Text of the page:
Cooking sugar

Cooking sugar
Cooking sugar, which is one of the basics of patisserie and sweet-making, is a delicate operation in which sugar is heated from 100°C or 212°F to 180°C or 356°F. Here is some information on this tricky subject.

[Translator's note: the terms used below correspond to the French tradition, as often used by English-speaking chefs, but there are other stages and terms in other traditions. Best to use a thermometer, and be guided by temperature, as the English terms commonly used in domestic cooking cover less precise stages, broader temperature ranges, and so could lead to confusion.].
477K 154 2.6
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Last modified on: April 3rd 2019

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For 4 pieces, you will need:
  • 1 caster sugar 200 g caster sugar
  • 2 water 3 tablespoons water
  • 3 lemon juice 5 drops lemon juice
  • Total weight: 245 grams

Change these quantities to make: 2 pieces 4 pieces 8 pieces 12 pieces
How long does it take?
Time required for this recipe:
PreparationCookingStart to finish
5 min.38 min.43 min.
At what time:
  • When will I finish if I start the recipe at ... ?
    When should I start for the recipe to be ready at ... ?
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Step by step recipe

Stage 1 - 5 min.
Cooking sugar
You will also need a sugar thermometer ( up to 200°C or 392°F) or even better, an electronic thermometer.

Pour water, a few lemon juice (or vinegar) drops, and sugar into a pan.

The exact volume of water doesn't matter, because sugar starts to cook only when all the water is evaporated. So it's not necessary to use very much water.

Stage 2 - 10 min.
Cooking sugar
Put the pan on high heat with thermometer in, and bring to the boil.

You will notice that for quite a long time, the temperature will stay around 100°C or 212°F, that will be the case as long as there is still any water remaining with sugar.

Stage 3
Cooking sugar
For the following stages, you will probably see some impurities coming out of the sugar that will stick round the sides of the pan.

Stage 4
Cooking sugar
As they heat they will eventually burn and might add a bitter taste to the sugar. You can remove them with a brush dipped in clean cold water.

Stage 5 - 5 min.
Cooking sugar
Stage 1: 106°C or 223°F, sugar is cooked to "thread" stage (used for some jams for example).

Stage 6 - 3 min.
Cooking sugar
Stage 2: 110°C or 230°F, sugar is cooked to "pearl or soufflé" stage (used for other jams and blackcurrant liqueur for example).

Stage 7 - 3 min.
Cooking sugar
Stage 3: 118°C or 244°F, sugar is cooked to "soft ball" stage (used for Italian meringue for example).

Stage 8 - 3 min.
Cooking sugar
Stage 4: 125°C or 257°F, sugar is cooked to "hard ball" stage.

Stage 9 - 3 min.
Cooking sugar
Stage 5: 135°C or 275°F, sugar is cooked to "soft crack" stage (it sticks to your teeth).

Stage 10 - 3 min.
Cooking sugar
Stage 6: 140°C or 284°F, sugar is cooked to "crack" stage (no longer sticky and it snaps).

Stage 11 - 3 min.
Cooking sugar
Stage 7: 155°C or 311°F, sugar is cooked "hard crack" stage (it snaps like glass).

Stage 12 - 3 min.
Cooking sugar
Stage 8: 160°C or 320°F, sugar is now "light caramel" (straw-coloured).

Stage 13 - 2 min.
Cooking sugar
Stage 9 (and final): 180°C or 356°F, light caramel becomes "dark caramel" (it's coloured). You should cool it and use it immediately, because it will continue cooking a little further, even off the heat.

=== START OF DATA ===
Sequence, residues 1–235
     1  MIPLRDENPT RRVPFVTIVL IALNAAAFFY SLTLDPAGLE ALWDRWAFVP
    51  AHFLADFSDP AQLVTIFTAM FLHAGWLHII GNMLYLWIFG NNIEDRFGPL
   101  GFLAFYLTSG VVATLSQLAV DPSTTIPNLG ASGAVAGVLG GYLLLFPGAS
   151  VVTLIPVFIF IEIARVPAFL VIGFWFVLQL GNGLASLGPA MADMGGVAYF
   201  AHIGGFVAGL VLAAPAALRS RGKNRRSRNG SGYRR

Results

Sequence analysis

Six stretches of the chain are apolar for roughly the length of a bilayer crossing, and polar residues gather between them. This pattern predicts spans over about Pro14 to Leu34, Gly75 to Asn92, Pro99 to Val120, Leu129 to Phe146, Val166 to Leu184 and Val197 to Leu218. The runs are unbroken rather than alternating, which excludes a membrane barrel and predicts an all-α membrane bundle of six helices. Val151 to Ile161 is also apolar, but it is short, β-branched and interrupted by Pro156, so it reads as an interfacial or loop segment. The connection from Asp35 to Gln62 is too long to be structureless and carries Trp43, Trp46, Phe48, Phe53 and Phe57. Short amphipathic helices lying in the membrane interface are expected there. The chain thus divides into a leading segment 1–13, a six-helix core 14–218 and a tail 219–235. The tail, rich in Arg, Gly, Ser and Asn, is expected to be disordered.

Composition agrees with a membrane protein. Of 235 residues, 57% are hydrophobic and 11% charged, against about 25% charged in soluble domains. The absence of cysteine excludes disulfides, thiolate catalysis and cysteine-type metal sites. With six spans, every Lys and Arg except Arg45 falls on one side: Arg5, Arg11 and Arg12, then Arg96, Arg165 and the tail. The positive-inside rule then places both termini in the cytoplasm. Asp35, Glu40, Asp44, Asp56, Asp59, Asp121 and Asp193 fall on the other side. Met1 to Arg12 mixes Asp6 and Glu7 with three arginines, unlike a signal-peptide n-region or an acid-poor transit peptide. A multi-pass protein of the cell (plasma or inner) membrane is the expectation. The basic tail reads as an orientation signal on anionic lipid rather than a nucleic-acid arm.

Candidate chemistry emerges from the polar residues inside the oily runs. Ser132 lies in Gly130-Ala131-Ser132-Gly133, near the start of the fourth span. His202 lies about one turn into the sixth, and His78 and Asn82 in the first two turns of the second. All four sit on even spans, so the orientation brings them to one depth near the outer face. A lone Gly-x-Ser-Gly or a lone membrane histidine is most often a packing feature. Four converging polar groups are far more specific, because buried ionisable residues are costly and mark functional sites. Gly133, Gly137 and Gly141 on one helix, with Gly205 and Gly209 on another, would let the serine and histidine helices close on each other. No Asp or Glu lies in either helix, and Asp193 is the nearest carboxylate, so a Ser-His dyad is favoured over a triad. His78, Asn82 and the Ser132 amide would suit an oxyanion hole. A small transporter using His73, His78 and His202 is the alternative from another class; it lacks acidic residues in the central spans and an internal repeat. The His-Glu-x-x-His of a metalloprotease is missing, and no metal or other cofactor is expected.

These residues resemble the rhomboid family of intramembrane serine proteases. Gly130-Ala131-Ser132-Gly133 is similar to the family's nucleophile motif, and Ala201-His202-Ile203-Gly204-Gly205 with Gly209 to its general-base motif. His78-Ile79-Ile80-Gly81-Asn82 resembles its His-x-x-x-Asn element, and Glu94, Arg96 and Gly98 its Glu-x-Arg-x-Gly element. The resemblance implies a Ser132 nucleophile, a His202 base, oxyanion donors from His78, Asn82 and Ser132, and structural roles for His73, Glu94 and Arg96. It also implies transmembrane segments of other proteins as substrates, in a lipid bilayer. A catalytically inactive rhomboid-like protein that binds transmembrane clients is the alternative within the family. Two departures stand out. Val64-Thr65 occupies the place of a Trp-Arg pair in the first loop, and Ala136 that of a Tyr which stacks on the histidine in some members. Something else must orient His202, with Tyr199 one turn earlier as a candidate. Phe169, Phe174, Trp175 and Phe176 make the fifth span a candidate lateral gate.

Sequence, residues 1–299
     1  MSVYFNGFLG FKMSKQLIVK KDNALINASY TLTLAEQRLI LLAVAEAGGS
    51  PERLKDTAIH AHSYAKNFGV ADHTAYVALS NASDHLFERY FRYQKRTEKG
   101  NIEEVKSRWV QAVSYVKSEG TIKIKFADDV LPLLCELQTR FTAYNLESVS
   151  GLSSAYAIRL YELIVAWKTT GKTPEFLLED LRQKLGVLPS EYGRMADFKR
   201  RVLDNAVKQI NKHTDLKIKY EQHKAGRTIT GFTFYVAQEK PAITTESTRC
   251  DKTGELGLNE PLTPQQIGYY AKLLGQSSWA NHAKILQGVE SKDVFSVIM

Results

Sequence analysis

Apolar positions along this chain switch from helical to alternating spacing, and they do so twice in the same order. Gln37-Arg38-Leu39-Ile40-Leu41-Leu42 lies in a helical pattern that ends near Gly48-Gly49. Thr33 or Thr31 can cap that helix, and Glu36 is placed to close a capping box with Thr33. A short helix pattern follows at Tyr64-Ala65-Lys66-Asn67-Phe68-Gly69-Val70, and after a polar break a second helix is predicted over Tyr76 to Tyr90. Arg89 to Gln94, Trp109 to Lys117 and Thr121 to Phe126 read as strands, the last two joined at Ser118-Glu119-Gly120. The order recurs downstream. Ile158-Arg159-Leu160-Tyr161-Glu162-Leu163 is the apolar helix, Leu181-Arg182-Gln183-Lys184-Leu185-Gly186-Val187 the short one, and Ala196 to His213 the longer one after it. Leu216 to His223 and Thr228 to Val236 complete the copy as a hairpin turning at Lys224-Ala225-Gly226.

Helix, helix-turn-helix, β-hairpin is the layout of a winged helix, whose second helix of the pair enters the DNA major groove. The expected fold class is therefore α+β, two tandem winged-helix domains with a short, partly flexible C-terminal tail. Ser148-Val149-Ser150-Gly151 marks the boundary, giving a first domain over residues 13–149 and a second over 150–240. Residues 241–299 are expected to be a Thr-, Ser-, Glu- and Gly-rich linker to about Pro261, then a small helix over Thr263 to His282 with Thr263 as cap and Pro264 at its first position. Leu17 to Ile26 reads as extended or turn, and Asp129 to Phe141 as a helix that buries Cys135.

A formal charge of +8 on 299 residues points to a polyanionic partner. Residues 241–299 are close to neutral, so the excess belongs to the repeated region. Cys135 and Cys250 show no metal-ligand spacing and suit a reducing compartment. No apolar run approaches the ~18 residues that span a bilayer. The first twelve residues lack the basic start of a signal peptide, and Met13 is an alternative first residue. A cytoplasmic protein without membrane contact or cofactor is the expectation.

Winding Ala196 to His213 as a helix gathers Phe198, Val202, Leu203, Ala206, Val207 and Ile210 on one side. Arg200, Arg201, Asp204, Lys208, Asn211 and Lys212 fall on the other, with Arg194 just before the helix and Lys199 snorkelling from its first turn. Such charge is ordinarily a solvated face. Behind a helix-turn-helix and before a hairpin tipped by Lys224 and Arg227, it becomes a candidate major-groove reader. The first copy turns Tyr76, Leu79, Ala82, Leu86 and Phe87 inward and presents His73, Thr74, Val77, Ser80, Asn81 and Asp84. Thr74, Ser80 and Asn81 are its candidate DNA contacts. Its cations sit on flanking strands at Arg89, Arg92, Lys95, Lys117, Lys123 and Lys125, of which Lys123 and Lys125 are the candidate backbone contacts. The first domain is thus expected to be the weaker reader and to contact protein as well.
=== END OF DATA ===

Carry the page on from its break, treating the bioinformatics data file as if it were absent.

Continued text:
Be careful: beyond 190°C or 374°F, caramel starts to smoke, burns and is spoiled.
Cooking sugar is a delicate operation due to the high temperature, working with caramel at 180°C or 356°F can be very very dangerous. This why this is one of the only recipes on the site that you should make without any children around you.

In former times (not so long ago) patissiers had no thermometer, so to know the temperature of the sugar they dipped two fingers in water then in the cooking sugar, and then by touching their fingers together then releasing, they could tell by the behaviour of the sugar what stage it was at: thread, soft ball, hard ball, etc. That's the origin of the strange names of the stages.

Lemon juice drops are there to prevent sugar from brutal not wanted crystallization. I thougt it was a legend, so I don't put in, until it really happen to me when I was preparing a red sugar :

crystalized sugar

Pretty, but not usable...

Gaston Lenôtre.
Nutritional information
Whole recipe
Energetic valueProteins CarbohydratesFats
800 Kcal or 3,349 Kj0 gr200 gr0 gr
40 %0 %19 %0 %
Per 100 g
Energetic valueProteins CarbohydratesFats
327 Kcal or 1,369 Kj0 gr82 gr0 gr
16 %0 %8 %0 %
Per piece
Energetic valueProteins CarbohydratesFats
200 Kcal or 837 Kj0 gr50 gr0 gr
10 %0 %5 %0 %
% are calculated relative to a Recommended Dietary Intake or RDI of 2000 k-calories or 8400 k-joules by day for a woman (change to a man).
How much will it cost?
  • For 4 pieces : 0.16 €
  • Per piece : 0.04 €

Change currency:

Note: Be careful, these prices are only an estimate, you can consult the table of prices by ingredients used for this estimate.
This recipe uses (among others)
Caster sugarCaster sugar: You can get more informations, or check-out other recipes which use it, for example: Pear compote , Far Normandy-Brittany, Apple Strudel, Apricot and pistachio clafoutis, Invisible apple cake, ... All
Lemon juiceLemon juice: You can check-out other recipes which use it, like for example: Nanou's apple and almond cake, Lebanese Tabbouleh, Julia salad, Cretan salad, Lebanese-style chickpea salad, ... All
WaterWater: You can get more informations, or check-out other recipes which use it, for example: Turnip top soup, Turban of sole with langoustines, Bacon rolls, Ali Baba bread, Seeded loaf, ... All
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